State Order Directs Kentucky Insurers to Start Covering ABA Services
LEXINGTON (May 10, 2012) -- Autism Speaks praised the Kentucky Department of Insurance for issuing an advisory opinion directing health insurers to start covering services provided by supervised ABA providers, finding that autism treatment would be "severely compromised" without their services.
Kentucky law explicitly exempts persons who provide Applied Behavior Analysis (ABA) under the supervision of a licensed professional from themselves having to gain certification, according to the opinion, signed by Insurance Commissioner Sharon Clark. Their services should therefore be reimbursed under Kentucky's 2010 autism insurance reform law, the department concluded.
“This opinion eliminates a significant and unnecessary hurdle that has blocked many Kentucky families from obtaining appropriate levels of ABA therapy for their children with autism,” said Lorri Unumb, Esq, vice president for state government affairs. “The Kentucky Department of Insurance correctly interpreted the text of the state’s 2010 autism insurance reform law and the will of the Legislature in directing health insurers to start covering these services.”
The opinion noted that ABA therapy requires a functional assessment and behavior plan developed by a Board Certified Behavior Analyst (BCBA) or Board Certified Assistant Behavior Analyst (BCaBA). The direct services ultimately provided under the treatment plan, however, are typically rendered by "supervisees" – the front-line personnel who carry out the intervention.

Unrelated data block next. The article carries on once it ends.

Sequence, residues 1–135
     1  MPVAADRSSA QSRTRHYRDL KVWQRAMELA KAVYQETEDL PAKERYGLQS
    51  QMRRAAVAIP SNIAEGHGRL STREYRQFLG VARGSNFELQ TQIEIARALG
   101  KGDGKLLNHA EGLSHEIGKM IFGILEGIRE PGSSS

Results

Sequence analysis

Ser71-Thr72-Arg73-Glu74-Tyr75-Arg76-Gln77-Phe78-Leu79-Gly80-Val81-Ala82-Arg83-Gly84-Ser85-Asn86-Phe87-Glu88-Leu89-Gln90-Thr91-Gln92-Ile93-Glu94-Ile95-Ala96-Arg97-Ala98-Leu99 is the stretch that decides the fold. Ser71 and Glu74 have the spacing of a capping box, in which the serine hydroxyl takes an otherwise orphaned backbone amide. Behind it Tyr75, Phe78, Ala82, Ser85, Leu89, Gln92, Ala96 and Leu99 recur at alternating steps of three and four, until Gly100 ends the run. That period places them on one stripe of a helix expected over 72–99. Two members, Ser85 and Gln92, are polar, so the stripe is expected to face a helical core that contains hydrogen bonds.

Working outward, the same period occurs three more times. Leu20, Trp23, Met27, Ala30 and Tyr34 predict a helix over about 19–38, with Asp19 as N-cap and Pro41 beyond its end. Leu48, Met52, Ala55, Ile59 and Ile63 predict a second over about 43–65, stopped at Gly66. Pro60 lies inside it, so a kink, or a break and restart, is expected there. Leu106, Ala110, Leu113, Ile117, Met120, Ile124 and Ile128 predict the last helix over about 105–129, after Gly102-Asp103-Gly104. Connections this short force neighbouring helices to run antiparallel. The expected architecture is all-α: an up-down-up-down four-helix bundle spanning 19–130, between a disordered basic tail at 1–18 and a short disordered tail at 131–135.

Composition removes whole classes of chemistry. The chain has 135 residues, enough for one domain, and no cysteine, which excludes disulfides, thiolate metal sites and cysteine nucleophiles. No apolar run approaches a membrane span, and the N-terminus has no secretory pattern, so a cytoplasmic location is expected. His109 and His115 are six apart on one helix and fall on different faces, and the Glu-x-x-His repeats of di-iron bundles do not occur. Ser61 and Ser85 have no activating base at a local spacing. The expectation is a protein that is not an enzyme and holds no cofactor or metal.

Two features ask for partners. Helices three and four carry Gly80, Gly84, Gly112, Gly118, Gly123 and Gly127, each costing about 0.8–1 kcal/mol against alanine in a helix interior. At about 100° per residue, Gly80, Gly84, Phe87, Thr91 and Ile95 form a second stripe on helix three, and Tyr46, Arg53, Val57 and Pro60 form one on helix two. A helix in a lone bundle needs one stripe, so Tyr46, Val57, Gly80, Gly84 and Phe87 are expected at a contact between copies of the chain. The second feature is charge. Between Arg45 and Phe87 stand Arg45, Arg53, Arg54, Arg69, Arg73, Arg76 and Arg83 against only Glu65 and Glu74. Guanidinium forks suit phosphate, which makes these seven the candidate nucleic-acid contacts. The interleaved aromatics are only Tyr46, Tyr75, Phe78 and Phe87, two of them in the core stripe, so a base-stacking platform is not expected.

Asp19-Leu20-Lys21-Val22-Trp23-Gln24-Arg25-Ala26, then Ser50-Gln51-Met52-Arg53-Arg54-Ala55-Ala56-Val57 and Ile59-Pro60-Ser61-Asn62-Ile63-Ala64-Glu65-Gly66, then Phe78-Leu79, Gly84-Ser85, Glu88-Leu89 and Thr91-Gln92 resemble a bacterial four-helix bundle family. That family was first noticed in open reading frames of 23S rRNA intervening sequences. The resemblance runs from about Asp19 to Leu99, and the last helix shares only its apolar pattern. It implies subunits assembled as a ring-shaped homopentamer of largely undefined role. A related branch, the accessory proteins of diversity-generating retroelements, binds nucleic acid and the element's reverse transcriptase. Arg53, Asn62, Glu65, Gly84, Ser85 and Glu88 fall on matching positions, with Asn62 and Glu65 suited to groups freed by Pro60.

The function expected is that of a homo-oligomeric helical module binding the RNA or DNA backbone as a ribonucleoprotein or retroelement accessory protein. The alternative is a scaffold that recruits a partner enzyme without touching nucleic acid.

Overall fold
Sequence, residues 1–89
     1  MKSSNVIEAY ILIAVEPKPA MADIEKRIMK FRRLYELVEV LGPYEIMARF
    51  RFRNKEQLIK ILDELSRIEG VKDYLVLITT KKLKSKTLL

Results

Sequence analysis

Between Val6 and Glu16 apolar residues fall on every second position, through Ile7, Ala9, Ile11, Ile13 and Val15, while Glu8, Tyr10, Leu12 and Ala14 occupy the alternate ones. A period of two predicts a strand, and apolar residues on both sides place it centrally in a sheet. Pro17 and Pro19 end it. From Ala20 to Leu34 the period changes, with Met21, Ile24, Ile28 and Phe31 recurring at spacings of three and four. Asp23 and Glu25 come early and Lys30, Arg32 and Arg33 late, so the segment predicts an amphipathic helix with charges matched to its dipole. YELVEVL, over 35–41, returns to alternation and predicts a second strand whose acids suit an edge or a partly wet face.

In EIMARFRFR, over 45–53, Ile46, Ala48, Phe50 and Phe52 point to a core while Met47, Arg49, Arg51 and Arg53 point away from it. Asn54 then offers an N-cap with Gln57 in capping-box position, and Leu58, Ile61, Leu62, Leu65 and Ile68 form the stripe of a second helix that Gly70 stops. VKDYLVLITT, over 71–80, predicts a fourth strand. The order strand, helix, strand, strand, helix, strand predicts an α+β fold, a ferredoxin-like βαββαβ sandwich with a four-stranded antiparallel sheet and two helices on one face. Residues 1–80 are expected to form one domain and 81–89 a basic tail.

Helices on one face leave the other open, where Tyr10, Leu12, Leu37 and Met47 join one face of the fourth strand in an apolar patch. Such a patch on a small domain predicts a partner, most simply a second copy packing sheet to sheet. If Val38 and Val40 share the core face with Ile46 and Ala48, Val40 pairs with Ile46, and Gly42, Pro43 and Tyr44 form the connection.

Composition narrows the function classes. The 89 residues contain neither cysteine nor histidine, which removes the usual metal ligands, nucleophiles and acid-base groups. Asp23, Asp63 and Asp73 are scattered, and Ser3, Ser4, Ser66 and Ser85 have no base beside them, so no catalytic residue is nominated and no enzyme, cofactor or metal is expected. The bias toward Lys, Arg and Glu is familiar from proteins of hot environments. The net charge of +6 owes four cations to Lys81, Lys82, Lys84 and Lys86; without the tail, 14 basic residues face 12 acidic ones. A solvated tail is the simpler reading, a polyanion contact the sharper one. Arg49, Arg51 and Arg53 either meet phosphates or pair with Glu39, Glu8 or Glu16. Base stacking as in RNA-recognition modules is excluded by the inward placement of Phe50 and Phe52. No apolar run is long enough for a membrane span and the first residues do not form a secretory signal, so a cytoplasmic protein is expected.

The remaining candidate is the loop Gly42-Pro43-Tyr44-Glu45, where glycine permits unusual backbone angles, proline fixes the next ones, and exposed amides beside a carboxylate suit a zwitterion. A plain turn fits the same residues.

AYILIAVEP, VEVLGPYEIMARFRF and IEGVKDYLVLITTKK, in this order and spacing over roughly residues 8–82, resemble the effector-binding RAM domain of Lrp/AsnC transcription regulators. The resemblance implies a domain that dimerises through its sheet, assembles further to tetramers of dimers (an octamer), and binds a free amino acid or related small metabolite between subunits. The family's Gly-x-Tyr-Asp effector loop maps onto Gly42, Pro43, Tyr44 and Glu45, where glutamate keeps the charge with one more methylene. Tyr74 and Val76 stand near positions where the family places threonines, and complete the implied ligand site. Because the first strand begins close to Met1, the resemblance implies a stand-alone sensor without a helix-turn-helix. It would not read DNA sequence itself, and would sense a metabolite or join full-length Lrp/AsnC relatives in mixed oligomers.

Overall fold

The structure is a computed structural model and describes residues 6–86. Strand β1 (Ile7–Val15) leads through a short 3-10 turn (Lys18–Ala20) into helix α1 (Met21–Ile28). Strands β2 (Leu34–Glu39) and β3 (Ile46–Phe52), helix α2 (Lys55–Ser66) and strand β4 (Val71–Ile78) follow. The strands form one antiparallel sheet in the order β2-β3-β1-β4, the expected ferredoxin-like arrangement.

"Clearly, Kentucky's statutes pertaining to ABA and the treatment of autism spectrum disorders contemplate the active involvement of supervisees, provided that they are acting under the extended authority and direction of a BCBA or a BCaBA," the opinion states.
"To exclude coverage for supervisees undermines the intent of (state law) which is to mandate coverage for the diagnosis and treatment of autism spectrum disorders," the order said. "Without the direct services provided by supervisees, the treatment of autism is severely compromised."